by Latoya Peterson
Yesterday, a headline in the Post-Gazette worked its way around Twitter: Study finds median wealth for single black women at $5. Most outlets qualified the link by calling it “shocking” or mentioning the five dollar figure was not a typo.
I called up a fellow young black professional friend of mine and told her about the findings of the study. “Is it messed up that I’m kind of glad in a way?” she asked, “I mean, all this time I’ve been wondering why I can’t get my shit together, but it turns out I’m normal.” We both laughed at her small attempt at gallows humor around a situation many of us know a little too intimately – when it comes to our white counterparts, women of color are light years behind in wealth.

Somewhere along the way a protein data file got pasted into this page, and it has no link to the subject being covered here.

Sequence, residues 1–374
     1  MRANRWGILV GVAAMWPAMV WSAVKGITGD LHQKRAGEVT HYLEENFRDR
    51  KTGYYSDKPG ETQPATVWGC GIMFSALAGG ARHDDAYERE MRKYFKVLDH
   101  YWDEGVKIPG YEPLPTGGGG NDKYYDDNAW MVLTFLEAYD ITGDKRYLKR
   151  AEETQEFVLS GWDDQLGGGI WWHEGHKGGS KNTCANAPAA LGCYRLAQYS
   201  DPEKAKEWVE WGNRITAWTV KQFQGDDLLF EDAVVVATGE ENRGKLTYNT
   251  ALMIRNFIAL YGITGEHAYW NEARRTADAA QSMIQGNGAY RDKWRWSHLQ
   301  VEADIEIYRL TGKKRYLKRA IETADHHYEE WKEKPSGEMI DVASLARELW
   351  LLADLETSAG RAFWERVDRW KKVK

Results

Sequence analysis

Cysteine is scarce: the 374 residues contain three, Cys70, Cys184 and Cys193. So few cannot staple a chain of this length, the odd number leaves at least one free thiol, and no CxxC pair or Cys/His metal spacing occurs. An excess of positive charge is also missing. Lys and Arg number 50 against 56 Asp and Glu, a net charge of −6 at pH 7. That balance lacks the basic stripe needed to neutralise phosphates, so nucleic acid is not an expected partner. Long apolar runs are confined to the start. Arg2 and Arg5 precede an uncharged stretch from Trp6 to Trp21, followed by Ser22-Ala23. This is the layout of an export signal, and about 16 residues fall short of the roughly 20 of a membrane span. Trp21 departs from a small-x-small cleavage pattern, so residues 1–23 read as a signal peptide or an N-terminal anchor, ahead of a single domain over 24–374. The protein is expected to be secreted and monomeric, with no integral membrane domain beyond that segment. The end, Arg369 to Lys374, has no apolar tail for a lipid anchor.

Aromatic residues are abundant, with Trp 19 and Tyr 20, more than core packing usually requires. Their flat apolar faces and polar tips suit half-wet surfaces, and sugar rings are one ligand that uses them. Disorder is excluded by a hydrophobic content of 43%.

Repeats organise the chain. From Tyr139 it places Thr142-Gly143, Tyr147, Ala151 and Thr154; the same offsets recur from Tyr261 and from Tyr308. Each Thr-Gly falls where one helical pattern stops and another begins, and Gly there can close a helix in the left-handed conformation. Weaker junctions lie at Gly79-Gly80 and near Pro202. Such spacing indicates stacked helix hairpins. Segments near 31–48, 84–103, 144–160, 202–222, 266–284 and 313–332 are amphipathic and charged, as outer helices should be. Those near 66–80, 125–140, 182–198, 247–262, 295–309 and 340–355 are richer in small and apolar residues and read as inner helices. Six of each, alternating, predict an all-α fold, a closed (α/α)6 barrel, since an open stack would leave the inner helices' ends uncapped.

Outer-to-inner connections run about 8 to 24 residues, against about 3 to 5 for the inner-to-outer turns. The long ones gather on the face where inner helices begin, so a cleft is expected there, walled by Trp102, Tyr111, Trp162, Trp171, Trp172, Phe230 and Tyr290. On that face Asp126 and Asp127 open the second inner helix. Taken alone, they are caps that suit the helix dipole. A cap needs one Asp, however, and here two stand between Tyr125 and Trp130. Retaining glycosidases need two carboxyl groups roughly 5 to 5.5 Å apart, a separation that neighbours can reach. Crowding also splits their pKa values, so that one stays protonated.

The study is a new report from The Insight Center for Community Economic Development, titled “Lifting as We Climb: Women of Color, Wealth, and America’s Future.” The report is an in-depth look at the issues in wealth accumulation particular to black women, Latinas, Asian and Native American women. However, even as this report is one of the most comprehensive I have seen on the subject, the limited data for Asian American and Native American women means that their statistics are limited from entire sections of the report, and discussed in a subsequent section about the need for better stats. The report’s title is should be a familiar refrain to many black women, but the author of the report, Mariko Chang, kindly includes an explanation of the origin of the phrase: